By only taking essential personnel to meeting venues in order to conduct a business meeting, attendees may find the meeting is a lot more streamlined, reports fastcodedesign.com.
That’s according to Ken Segall, author of ‘Insanely Simple: The Obsession That Drives Apple’s Success’, who recalled a meeting with the late Apple CEO Steve Jobs and how his ruthlessness in the boardroom meant unnecessary staff were left vacating their seats.
Recalling a typical Apple meeting with a small but exclusive guestlist, Jobs noticed an unfamiliar face at the table.
Segall, who didn’t know the woman but for the purposes of the tale calls her ‘Lorrie’, recalled that Jobs asked who she was, and she replied she had been asked to attend as she was working on some of the marketing projects they were discussing.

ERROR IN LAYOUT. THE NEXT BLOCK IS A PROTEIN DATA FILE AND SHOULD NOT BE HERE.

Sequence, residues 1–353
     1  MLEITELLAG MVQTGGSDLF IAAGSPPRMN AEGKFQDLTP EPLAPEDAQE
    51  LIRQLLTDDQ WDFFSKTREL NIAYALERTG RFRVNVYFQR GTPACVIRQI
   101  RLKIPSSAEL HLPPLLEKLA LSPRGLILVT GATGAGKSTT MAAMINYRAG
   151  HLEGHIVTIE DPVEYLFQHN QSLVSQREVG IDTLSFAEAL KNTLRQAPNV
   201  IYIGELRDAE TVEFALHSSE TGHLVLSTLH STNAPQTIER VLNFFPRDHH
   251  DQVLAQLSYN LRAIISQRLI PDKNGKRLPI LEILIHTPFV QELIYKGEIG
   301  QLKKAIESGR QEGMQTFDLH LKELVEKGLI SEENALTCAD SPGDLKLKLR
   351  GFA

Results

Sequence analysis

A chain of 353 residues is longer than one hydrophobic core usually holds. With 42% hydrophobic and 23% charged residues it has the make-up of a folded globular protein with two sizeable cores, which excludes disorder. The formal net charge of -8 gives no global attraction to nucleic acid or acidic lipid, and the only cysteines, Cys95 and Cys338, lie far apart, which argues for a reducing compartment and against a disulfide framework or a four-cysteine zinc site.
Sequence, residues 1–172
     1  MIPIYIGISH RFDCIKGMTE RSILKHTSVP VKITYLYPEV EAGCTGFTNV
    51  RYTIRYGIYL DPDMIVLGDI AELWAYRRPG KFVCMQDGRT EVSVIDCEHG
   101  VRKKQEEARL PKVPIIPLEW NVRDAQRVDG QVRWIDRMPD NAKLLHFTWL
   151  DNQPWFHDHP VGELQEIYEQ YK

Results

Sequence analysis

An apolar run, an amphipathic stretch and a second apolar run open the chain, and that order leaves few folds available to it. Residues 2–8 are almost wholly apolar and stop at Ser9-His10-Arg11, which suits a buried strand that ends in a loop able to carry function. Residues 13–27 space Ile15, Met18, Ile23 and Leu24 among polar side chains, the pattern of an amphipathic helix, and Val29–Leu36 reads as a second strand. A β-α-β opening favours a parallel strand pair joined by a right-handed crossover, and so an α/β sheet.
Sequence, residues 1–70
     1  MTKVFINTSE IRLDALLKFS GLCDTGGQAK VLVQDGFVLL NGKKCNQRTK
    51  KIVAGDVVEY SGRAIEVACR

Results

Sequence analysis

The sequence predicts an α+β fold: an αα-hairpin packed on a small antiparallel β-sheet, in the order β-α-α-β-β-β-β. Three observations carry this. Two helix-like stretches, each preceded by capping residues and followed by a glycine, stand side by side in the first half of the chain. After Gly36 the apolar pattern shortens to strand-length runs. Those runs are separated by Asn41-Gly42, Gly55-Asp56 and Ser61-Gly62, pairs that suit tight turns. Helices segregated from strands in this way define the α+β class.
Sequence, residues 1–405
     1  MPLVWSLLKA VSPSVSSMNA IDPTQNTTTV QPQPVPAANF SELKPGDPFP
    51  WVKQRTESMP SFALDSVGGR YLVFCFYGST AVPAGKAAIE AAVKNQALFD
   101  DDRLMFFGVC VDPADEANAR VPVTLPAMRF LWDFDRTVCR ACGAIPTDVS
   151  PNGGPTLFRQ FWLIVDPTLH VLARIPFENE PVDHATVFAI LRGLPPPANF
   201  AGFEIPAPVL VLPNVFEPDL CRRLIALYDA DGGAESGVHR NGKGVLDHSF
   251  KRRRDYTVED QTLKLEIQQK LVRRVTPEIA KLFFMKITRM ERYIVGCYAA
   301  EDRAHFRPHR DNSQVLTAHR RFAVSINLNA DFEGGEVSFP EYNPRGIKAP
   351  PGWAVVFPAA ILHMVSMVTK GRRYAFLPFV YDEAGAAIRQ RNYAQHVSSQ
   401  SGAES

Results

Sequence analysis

“I don’t think we need you in this meeting, Lorrie. Thanks,” said Jobs, who then continued with the meeting.
The meaning behind the story, claims Segall, is that starting with small groups of small people is the key to a good meeting. Increasing the body count merely adds complexity. Every should be in the room for a reason and, as such, an employee is either critical to the meeting or not.
According to pcadvisor.co.uk, Segall’s new book goes on sale on June 7.